Your browser is no longer supported

For the best possible experience using our website we recommend you upgrade to a newer version or another browser.

Your browser appears to have cookies disabled. For the best experience of this website, please enable cookies in your browser

We'll assume we have your consent to use cookies, for example so you won't need to log in each time you visit our site.
Learn more

Changing practice

Auditing the nursing standard for weighing patients on an acute medical unit

  • Comment

An audit of admission observations identified that patients were not always weighed and that the standard for observations was not appropriate


Liz Lees, MSc, BSc, DipN, DipHSM, RGN, is consultant nurse; Gaynor Allen-Mills, RGN, is senior sister, both at Heart of England NHS Foundation Trust, Birmingham.



Lees, L., Allen-Mills, G. (2009) Auditing the nursing standard for weighing patients on an acute medical unit. Nursing Times; 105: 27, early online publication.

This article describes an audit of a standard for observations and assessments introduced on an acute medical unit (AMU), one element of which was patient weight. It revealed that only 50% of nurses routinely weighed patients as part of the admission process and/or as part of nutritional screening. Revisions were made to the existing nursing standard.

Keywords: Nutrition screening, Weight, assessment, Documentation

  • This article has been double-blind peer-reviewed



  • A nursing standard outlining the components required for a patient assessment and frequency of observations on the AMU was introduced at the Heart of England NHS Foundation Trust in January 2008.
  • It was decided that the standards for patients attending the assessment area and admission area should be different, and were based on clinical urgency, recommendations of clinical protocols, the route of admission and time spent in the unit (Chellel, 2002).
  • For example, when patients are referred via their GP, nurses conduct a full set of observations and only relevant risk assessments according to the patient’s presenting problems and condition on arrival (Royal College of Physicians, 2007) (Box 1).

Acute medical unit

The acute medical unit at Heartlands hospital has an assessment area and an admissions area. Patients in the assessment area may not be admitted to hospital while those in the admission area are admitted for up to 48 hours before being transferred to another ward or discharged home. Patients attending the unit are:

  • Referred by their GP (requiring full initial assessment);
  • Admitted from A&E (requiring reassessment).

When patients are referred from A&E, all initial systemic observations are reassessed immediately or within 30 minutes, depending on their Modified Early Warning System score (MEWS). The aim is to maintain patient safety through high-quality care and appropriate treatments commenced in a timely manner (Chellel, 2002). However, there was consistently poor compliance with the standard for weighing patients (Sylvain, 2009), which stated that: ‘all patients should be weighed, including those presenting for assessment or being admitted to the acute medical unit’.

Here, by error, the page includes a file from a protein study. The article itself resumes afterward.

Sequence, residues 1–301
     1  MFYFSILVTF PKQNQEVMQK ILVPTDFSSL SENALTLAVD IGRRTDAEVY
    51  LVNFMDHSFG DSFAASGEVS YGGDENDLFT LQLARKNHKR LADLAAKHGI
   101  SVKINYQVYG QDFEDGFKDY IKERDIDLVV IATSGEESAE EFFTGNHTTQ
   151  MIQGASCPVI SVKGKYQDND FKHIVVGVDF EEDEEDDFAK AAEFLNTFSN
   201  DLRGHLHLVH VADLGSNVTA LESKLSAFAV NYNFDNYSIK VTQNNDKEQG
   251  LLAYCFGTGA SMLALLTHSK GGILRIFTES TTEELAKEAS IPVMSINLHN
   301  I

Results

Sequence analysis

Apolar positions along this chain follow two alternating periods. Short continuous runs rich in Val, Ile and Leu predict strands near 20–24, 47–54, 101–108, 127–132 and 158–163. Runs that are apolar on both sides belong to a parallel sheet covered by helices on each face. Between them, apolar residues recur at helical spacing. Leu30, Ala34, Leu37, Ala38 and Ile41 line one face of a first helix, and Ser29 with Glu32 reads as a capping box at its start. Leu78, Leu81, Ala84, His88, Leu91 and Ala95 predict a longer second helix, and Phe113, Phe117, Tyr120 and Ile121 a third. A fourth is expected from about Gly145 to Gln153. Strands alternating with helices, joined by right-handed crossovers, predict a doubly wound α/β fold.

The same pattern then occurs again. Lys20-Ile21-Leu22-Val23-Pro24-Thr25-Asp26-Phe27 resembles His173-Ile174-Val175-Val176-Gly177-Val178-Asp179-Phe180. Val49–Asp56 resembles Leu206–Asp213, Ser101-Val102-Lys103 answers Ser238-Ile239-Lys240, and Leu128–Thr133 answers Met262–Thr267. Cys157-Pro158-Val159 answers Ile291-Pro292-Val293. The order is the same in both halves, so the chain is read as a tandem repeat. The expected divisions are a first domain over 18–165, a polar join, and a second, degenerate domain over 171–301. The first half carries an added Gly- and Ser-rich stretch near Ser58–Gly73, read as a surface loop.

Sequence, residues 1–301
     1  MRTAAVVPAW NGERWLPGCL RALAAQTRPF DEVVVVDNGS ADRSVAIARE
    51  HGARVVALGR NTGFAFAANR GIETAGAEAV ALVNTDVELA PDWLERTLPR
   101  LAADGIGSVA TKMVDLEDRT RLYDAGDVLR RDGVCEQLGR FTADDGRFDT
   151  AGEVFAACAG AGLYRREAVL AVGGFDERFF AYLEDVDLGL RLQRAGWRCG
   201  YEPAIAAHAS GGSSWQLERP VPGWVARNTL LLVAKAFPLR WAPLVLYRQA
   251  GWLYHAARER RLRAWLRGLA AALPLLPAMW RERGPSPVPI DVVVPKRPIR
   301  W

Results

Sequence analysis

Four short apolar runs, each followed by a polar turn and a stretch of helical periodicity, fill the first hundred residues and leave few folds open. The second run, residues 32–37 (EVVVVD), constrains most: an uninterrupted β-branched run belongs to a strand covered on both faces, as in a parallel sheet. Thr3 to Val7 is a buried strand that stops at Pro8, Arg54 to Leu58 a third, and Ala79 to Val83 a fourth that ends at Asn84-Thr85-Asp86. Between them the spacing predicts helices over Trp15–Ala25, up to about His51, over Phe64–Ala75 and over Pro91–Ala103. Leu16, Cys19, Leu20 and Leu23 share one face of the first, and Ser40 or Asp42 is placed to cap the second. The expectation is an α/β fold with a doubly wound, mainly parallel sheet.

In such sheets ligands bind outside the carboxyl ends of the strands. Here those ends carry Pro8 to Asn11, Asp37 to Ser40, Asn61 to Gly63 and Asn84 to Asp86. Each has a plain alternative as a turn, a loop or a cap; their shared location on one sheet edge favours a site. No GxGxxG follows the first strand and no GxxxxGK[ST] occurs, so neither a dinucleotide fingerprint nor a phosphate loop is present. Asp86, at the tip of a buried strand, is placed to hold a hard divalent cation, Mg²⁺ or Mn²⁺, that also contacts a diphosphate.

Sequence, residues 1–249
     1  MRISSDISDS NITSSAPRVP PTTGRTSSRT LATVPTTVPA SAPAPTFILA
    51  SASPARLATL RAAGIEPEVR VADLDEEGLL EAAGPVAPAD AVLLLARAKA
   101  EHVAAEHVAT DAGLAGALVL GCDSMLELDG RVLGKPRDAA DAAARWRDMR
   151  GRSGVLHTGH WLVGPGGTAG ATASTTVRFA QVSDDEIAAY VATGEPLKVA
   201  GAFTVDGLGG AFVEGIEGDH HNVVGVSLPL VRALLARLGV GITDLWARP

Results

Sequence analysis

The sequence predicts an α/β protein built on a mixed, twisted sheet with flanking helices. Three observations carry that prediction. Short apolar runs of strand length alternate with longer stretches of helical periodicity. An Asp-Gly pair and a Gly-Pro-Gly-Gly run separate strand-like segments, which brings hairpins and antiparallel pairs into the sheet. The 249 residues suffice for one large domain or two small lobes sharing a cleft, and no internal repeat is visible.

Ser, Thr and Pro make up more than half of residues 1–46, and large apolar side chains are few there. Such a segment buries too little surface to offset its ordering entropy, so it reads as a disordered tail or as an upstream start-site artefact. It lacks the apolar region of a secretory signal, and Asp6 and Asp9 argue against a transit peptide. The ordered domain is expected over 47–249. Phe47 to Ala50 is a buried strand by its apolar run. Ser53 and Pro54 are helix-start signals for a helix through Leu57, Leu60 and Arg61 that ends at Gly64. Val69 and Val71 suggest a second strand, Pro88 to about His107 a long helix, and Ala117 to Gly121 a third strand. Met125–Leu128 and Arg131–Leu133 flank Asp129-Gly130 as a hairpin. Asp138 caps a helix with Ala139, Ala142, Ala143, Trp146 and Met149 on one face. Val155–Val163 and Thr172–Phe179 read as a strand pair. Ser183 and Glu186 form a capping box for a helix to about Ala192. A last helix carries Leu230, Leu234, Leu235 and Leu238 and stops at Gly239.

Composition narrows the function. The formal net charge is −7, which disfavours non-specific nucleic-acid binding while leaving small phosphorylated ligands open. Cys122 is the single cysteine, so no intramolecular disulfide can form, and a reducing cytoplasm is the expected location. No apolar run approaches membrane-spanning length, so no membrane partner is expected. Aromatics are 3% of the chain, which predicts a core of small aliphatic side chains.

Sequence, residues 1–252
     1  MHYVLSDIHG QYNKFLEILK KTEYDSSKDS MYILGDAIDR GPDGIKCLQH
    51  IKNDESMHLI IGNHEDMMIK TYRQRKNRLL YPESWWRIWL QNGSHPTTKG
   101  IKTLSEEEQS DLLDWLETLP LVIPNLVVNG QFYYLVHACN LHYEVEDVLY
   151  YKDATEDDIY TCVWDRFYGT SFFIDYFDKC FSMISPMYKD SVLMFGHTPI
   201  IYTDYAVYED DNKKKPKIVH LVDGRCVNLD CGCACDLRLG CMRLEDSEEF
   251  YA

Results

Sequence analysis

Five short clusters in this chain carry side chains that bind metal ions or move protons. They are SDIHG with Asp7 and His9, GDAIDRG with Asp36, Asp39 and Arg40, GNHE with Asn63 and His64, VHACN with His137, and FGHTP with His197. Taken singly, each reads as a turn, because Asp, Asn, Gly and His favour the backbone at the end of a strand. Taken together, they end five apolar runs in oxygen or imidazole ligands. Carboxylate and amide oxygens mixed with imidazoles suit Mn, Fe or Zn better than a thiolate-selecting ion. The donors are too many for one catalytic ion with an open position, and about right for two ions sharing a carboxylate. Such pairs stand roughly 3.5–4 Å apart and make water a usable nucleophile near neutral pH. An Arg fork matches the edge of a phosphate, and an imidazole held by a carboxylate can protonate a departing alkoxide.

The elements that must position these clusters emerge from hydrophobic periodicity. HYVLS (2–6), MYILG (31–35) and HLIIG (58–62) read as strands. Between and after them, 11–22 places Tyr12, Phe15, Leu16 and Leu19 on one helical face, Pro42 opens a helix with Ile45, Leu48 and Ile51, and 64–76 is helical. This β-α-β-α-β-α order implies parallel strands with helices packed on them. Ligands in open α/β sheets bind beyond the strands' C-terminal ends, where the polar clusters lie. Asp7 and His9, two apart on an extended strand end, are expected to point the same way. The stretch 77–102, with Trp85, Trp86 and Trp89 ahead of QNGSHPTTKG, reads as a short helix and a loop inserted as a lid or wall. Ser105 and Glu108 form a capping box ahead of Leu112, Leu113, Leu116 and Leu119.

Nurses questioned whether it was appropriate to weigh all patients who attended the AMU for assessment when some may not be admitted to hospital or have only a short stay.

The audit

Thirty band 5 and 6 nurses participated in an audit of practice on the AMU. Band 7 nurses and the matron were excluded as they had participated in developing the standard for observations and assessments. Five questions explored why patients were or were not weighed:

  1. Do you weigh all patients as part of the admission process?
  2. Should all patients presenting and subsequently admitted to AMU be weighed?
  3. What are the reasons for weighing patients on the assessment area of the AMU?
  4. Is the trust nutritional screening assessment completed on admission?
  5. To what extent is the trust nutritional screening assessment effective in its current form?


Twenty nurses said they always weighed patients as part of the admission process. When asked if they thought patients should be routinely weighed, 15 nurses said ‘yes’ and 15 responded ‘no’.

When asked why they weighed patients, nurses could give as many reasons as they wanted (Fig 1). The most popular was because the patient was taking medications. Enoxaparin was the most commonly cited medication, as the dose is calculated according to the patient’s weight.

Little importance was placed on whether patients looked thin, obese or frail. Anecdotal evidence suggested that nurses did not feel this should influence the decision whether or not to weigh patients. Nurses frequently expressed a reluctance to weigh patients stating that it was potentially invasive if they did not have a good reason to do so. Band 6 nurses identified more reasons why they weighed patients and were also more specific about medications where weight was important.

Of 34 nutrition screening tools audited, 100% were completed on admission yet the audit suggests the recommended actions arising from this screening – such as triggers to weigh a patient – were not always carried out.

When we looked at the effectiveness of the trust’s nutrition screening tool we found that two patients had food charts to record whether or not they were eating adequately and had been identified as being at moderate risk of malnutrition. They should have been weighed but this had not been recorded at 48 or 72 hours following admission.

Two patients had moderate risk identified and it was noted that they had lost weight but they had not been weighed since admission. In one case the patient had been on the AMU for three days.